Dukuchaap: Voluntourist Ventures into the Field2014-02-18
The day I had been eagerly awaiting has finally arrived. My first visit to a school with our laptop program, Chandi Devi Primary School. I met with Roshan, my fellow software developer and friend from OLE, at Lagankhel bus stop at 8 am on a sunny Sunday morning to set off for Dukuchaap, one of the nearest deployments just south of Kathmandu. As I had expected, our journey soon turned into a bumpy ride on an unpaved road. Traveling through Nakhkhu, Sainbu, and Bungamati, we arrived to Dukuchaap shortly after 10:00 am. At the bus stop, we met with an English teacher from Chandi Devi, who guided us through a steep winding path to the top of a hill, where children were just about to start the first school day of the week. Yes, you read that correctly. Here in Nepal, a week has six working days with Saturday being the only holiday of the week.
Chandi Devi is a modest school, but what it lacks in resources it compensates with teacher dedication. But more about that later. The school has been using laptops with E-Paath and E-Pustakalaya since November 2012, so it is already a well-established deployment by now. I exchanged a few English words with the head teacher Sitaram Khadka, who we proceeded to follow to the “laptop classroom”, a room specifically designated for classes using laptops. It was time for the first class of the day for grade 3, Math. 22 curious faces were peeking at me as I entered the classroom along with Roshan and the teacher. With the help of one of the students, the teacher distributed the laptops to each kid. Then, in unison, the class pressed their laptops' power buttons to start the systems and familiar Sugar kid icon appeared in the middle of the screens. The topic of the lesson was: odd and even numbers.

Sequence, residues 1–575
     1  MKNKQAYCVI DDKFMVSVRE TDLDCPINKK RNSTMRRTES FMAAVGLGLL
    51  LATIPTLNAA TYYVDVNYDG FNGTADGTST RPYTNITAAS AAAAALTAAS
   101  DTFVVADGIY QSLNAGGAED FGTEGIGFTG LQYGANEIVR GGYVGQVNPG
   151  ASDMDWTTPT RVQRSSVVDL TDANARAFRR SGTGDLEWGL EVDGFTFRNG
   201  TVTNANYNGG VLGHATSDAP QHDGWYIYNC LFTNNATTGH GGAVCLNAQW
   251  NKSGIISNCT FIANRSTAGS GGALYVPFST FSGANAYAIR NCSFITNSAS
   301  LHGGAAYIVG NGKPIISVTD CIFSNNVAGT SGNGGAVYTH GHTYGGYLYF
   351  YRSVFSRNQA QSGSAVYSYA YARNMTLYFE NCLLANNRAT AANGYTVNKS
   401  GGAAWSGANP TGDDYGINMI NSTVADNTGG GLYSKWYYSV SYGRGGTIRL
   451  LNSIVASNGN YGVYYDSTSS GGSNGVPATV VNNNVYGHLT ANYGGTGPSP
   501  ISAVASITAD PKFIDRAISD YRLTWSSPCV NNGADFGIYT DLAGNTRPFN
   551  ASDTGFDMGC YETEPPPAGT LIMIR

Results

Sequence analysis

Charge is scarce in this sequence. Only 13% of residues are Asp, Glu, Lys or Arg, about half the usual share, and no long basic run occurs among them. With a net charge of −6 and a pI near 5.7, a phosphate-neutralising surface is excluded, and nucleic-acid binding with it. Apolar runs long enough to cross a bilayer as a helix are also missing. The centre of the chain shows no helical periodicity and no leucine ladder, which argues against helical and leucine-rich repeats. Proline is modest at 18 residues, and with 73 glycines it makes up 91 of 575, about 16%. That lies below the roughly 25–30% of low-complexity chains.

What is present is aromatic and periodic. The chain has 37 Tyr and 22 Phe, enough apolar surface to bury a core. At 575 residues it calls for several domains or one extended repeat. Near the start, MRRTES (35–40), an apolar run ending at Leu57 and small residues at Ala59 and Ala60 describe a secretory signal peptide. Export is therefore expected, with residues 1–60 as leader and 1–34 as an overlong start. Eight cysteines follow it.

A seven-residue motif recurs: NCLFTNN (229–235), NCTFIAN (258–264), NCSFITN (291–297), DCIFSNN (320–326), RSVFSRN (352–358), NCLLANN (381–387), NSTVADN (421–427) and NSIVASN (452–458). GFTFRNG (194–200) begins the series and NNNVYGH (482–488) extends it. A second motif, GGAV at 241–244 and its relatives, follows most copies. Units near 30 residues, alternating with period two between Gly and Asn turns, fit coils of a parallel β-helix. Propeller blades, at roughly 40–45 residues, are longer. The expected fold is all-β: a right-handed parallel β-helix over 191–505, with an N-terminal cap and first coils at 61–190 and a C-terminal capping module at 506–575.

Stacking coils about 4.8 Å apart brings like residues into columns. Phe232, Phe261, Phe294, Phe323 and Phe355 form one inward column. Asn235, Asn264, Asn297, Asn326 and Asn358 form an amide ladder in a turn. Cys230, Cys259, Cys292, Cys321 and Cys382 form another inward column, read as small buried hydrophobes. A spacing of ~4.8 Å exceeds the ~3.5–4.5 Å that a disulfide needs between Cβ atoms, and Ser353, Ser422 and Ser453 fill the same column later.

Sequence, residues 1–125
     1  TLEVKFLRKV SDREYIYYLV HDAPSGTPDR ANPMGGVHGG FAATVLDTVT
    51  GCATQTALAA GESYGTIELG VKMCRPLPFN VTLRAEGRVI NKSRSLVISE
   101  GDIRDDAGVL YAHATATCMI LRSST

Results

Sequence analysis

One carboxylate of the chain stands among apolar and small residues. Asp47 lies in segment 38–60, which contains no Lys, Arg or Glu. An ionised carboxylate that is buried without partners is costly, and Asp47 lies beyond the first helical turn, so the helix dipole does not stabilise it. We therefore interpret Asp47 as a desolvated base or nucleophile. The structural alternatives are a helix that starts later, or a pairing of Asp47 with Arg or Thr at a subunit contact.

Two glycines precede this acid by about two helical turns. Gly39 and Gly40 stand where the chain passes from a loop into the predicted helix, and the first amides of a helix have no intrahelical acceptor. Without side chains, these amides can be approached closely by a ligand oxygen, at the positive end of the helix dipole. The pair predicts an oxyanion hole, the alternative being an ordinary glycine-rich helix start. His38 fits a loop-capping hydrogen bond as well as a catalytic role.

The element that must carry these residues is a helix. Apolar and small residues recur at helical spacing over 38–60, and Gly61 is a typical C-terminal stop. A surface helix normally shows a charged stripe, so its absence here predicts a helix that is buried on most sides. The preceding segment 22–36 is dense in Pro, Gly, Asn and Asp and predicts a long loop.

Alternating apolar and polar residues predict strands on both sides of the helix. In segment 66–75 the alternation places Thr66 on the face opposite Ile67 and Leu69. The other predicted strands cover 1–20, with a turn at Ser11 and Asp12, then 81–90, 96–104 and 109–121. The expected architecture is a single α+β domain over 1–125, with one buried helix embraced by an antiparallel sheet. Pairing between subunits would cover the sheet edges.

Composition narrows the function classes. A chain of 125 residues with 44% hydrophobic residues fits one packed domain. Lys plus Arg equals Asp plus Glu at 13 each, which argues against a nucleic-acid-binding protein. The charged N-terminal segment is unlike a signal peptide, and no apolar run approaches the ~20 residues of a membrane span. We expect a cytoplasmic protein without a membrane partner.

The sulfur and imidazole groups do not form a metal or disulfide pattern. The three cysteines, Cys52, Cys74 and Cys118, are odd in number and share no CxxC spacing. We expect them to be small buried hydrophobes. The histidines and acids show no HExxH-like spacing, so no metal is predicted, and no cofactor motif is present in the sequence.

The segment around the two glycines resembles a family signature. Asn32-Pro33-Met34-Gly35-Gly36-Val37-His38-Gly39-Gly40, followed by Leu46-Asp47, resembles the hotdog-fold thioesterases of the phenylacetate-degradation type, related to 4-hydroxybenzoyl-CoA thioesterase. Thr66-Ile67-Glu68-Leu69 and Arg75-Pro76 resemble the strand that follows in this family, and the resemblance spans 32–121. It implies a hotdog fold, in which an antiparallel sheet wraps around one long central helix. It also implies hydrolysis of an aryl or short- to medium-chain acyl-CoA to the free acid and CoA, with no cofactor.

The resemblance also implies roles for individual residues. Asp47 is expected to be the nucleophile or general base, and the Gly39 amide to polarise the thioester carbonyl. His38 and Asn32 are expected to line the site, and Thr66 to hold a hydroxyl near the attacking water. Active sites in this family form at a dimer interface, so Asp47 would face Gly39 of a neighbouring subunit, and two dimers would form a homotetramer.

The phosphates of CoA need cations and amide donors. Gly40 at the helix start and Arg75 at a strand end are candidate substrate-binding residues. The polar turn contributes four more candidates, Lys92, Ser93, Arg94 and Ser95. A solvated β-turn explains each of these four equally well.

It becomes immediately obvious to me that Sitaram is an experienced teacher. Before turning to technology he first explains the concepts using everyday objects from the classroom- windows, tables, chairs. Everyone is paying attention (except the girl closest to me who is wondering what this strange foreigner is doing in her class). Objects around the room don't scale, however, so after a few minutes it's time for the laptops to join the show. Students click on E-Paath's logo on the home screen and open the corresponding Math activity. The activity starts off by showing various one-digit numbers, which the students need to identify as either odd or even. Most of them are getting it by now. I notice that the ingenious designers of the activity randomized the numbers that show up, so that the children cannot copy from one another. Subtle, but quite important for effective learning I would say. At the end, the teacher asks the first three students who finish the activity to come to the front of the classroom to receive a small price such as a pencil or eraser. Each also gets an applause.